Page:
Californian Hyacinth – Brodiaea

Known as the Californian Hyacinth the brodiaeas are exquisite little plants, in flower from the end of May until mid-July. The blooms are carried on sturdy stems, up to half a dozen gentian-like flowers appearing on the top of each stem. They are not quite completely hardy and should be given a mulch in early December and over the clumps should be placed a quantity of weathered ash. There are, however, exceptions to the rule of hardiness.

Brodiaea coccinea is perfectly able to withstand a severe winter in a well-drained soil, and B. unifiora, the Tritelia of our gardens, is completely hardy. All of them may be grown outdoors unprotected in the south and West Country where I have grown them to perfection in a sandy, well-drained soil, but for the more northerly garden they should be given winter protection except for the two species mentioned. Being natives of California they must be given a sunny position and a soil which will warm up quickly in early summer.

Californian Hyacinth - Brodiaea

To achieve this, plenty of sand, shingle and leaf mould should be well worked into the soil before planting takes place in September. Some thoroughly rotted manure they enjoy too, for they are plants which should not be disturbed when once planted. I find that a mixture of dry poultry manure, peat and some strawy farmyard manure, thoroughly mixed and to which some loam and coarse sand has been added will prove ideal if allowed to remain in a heap for two months before added to the soil.

Where the bulbs are being grown in grass or in the shrub border, the same compost should be placed into each square foot of ground where the bulbs are to be set. But first see that the ground is clear of all perennial weeds. Then plant them 4 in. deep, placing some sand around each bulb when in position. They should be planted 4 in. apart and in groups of four bulbs. Several varieties are ideal for the rockery and are at their best when planted round stones with a large proportion of shingle around the bulbs and above them for winter protection.


Brodiaea Bridgesi. Taller than the other species, growing to a height of nearly 2 ft. and producing its pale mauve flowers throughout June.

B. coccinea. This in my own humble opinion is one of the most outstanding plants in any garden. The brilliant red blooms are attractively tipped with green, making a most striking display throughout June and July. The flowers are carried on 12-in stems.

B. crocea. This is a variety well suited to the rock garden for the dainty yellow flowers are carried on only 6-in. stems and borne in great profusion during May and early June.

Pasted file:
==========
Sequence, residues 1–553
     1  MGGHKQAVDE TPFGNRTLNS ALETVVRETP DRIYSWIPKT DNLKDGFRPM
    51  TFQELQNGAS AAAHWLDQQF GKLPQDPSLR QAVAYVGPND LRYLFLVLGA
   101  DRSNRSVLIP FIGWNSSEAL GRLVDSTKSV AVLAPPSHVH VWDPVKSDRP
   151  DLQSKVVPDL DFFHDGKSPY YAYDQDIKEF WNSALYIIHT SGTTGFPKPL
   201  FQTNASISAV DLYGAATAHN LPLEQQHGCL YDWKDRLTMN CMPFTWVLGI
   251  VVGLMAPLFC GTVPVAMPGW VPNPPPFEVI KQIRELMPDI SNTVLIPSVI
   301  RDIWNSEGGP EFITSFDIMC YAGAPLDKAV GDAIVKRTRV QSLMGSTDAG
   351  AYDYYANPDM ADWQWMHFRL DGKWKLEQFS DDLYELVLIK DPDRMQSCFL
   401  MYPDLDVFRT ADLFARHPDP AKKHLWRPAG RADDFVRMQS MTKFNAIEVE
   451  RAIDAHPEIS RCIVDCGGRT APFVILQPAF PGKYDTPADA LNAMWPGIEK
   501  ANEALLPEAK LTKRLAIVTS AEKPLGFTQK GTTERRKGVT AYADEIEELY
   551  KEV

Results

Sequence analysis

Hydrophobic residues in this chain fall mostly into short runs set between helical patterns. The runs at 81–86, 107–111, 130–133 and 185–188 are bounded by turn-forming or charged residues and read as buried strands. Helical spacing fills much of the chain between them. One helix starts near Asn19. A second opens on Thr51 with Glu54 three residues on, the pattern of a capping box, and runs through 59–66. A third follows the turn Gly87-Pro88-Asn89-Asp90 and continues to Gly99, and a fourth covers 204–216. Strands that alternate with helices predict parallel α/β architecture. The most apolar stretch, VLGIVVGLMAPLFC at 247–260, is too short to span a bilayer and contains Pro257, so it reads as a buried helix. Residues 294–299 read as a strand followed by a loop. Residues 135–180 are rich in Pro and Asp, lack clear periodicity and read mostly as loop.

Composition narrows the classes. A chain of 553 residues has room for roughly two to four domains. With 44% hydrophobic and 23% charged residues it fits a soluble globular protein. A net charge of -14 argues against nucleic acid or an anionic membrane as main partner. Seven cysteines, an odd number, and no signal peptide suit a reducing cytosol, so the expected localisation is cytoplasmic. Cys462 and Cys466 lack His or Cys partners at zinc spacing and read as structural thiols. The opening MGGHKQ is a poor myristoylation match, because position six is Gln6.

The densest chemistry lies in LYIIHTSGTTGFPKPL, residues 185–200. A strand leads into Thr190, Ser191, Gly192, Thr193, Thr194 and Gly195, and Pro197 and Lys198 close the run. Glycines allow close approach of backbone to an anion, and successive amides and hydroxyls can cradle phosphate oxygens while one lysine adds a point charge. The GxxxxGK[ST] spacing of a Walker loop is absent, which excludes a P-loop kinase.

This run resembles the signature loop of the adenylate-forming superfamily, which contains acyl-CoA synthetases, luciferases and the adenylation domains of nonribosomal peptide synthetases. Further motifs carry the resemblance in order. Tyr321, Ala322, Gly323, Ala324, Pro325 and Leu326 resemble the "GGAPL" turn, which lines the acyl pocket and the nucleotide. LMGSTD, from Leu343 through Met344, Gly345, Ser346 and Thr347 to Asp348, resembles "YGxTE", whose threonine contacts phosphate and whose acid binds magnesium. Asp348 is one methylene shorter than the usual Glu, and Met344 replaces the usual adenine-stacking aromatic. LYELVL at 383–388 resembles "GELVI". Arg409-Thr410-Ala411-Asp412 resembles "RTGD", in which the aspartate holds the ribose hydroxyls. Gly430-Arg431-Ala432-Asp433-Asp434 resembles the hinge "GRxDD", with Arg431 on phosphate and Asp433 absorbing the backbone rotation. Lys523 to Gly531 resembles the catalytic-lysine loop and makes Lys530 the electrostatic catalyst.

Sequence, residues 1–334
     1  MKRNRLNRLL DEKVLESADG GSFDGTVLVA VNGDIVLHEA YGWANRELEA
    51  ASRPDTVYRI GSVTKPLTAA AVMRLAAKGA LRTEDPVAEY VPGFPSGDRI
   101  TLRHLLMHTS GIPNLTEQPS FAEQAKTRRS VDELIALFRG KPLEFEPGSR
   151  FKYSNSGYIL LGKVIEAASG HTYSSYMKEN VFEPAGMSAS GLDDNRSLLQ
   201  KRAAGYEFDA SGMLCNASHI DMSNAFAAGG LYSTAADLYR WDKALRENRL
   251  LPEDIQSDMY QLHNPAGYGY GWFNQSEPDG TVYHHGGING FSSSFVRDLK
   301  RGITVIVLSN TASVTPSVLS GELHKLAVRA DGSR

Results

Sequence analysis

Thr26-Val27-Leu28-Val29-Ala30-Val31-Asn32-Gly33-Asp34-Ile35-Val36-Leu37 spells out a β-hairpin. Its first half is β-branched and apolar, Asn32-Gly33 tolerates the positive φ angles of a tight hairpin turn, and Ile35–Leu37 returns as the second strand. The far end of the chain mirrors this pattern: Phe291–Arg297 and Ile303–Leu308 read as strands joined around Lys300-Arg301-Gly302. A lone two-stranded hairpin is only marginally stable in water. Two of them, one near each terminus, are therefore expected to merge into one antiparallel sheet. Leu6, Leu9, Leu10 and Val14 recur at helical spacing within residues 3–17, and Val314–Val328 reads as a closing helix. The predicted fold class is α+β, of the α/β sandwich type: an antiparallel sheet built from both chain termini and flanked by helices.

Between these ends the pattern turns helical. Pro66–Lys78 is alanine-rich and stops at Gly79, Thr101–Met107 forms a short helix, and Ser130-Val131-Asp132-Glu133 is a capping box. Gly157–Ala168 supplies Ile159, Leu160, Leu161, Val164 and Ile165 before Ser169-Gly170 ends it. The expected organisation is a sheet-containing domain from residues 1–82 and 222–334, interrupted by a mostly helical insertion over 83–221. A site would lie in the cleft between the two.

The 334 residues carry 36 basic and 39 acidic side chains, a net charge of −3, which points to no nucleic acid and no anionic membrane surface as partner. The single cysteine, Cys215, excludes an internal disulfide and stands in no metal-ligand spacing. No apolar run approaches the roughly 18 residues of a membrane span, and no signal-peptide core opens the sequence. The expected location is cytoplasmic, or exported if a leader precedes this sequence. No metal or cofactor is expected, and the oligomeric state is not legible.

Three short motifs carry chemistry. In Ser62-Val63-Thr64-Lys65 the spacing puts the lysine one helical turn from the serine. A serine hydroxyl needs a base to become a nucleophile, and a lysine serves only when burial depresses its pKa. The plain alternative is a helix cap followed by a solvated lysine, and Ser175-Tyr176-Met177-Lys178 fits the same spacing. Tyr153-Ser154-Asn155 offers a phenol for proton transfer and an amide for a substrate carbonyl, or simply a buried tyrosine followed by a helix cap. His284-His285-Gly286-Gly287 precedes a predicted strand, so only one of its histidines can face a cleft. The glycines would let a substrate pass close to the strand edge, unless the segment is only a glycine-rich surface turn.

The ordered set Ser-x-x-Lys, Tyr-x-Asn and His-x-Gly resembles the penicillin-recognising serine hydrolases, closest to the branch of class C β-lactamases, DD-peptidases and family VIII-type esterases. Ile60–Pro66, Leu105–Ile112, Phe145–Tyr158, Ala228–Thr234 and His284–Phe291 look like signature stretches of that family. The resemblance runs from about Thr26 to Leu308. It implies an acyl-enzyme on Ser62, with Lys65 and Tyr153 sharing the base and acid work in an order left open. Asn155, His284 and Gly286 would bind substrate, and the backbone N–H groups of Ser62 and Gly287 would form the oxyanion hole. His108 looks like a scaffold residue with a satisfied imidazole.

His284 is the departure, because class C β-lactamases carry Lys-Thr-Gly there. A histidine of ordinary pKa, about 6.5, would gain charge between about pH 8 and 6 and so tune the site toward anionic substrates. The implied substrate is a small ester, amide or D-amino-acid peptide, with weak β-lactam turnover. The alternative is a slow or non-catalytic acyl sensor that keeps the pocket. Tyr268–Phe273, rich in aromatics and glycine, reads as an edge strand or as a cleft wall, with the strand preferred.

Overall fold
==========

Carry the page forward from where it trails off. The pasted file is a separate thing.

B. grand:flora. Dwarf of habit and of an enchanting sky-blue colour, this species produces its bloom in profusion throughout June.

B. laxa. One of the taller-growing Brodiaeas and a most valuable cut flower. In fact, so inexpensive are the bulbs that they could well be planted for commercial cut-flower production with a view to testing the market for this flower. The tubular blooms are of the richest purple colour.

B. mull:flora. Bears umbels of deep mauve flowers in profusion. Of dwarf habit and at its loveliest throughout July.

B. peduncularis. Rather less hardy than the others but should be planted for its violet and white flowers which are produced on 2-in. stems and throughout midsummer.

B. Tubergeni. Raised from a peduncularis-laxa cross, this new introduction produces flowers of the palest porcelain blue which appear in profusion in almost all soils. The bulbs of each species should all be tried and the most satisfactory grown in quantity.

If required for pot culture, several of the species give good results in this way, the best being B. multiflora, B. grandiflora and B. crocea. They should be potted during November, given cold-frame protection and will come into bloom late in spring if taken into a warm greenhouse or the home during the early new year.

More Info

  • Brodiaea or Brevoortia Coccinea is also known as the Crimson Satin Flower and the Californian Fire-cracker. Excellent grown in pots in which they do best, the bulbs will also flower well in the open, if given a sheltered, warm place and a well-drained soil.
  • In late spring and early summer the rather drooping, scarlet-crimson flowers, tipped green, appear on 18- to 24-in. Stems.
  • Very different is Brodiaea uniflora, often known as Milla or tritelia uniflora. This grows only 6 in. high, each very pale lavender petal having a faint line down the centre. These scented flowers last well, and the grassy foliage may also be used. Plant in October.


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